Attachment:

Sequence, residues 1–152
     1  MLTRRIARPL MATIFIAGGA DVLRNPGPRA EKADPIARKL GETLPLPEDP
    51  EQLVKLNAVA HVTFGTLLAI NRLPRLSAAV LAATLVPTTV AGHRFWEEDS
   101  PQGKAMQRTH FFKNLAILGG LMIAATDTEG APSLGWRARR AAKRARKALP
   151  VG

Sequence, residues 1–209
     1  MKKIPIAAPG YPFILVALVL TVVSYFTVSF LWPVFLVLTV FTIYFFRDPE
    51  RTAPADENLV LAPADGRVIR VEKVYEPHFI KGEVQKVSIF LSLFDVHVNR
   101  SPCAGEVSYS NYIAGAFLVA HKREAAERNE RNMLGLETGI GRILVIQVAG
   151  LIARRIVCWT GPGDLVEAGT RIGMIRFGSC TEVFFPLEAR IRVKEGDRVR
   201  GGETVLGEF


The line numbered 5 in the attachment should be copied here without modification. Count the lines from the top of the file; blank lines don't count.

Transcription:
   151  VG